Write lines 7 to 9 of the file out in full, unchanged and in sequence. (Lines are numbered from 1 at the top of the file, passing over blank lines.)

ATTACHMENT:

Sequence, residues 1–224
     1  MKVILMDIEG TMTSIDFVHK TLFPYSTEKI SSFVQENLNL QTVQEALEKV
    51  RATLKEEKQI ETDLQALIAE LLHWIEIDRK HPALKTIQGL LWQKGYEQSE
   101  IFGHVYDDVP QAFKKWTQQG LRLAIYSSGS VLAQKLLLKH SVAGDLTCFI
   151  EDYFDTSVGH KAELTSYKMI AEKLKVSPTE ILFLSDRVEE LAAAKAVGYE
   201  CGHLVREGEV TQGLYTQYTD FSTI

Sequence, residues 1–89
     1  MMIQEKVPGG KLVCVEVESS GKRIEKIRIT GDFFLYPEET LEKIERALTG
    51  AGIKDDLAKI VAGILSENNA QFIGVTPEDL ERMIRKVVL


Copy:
Sequence, residues 1–89
     1  MMIQEKVPGG KLVCVEVESS GKRIEKIRIT GDFFLYPEET LEKIERALTG
    51  AGIKDDLAKI VAGILSENNA QFIGVTPEDL ERMIRKVVL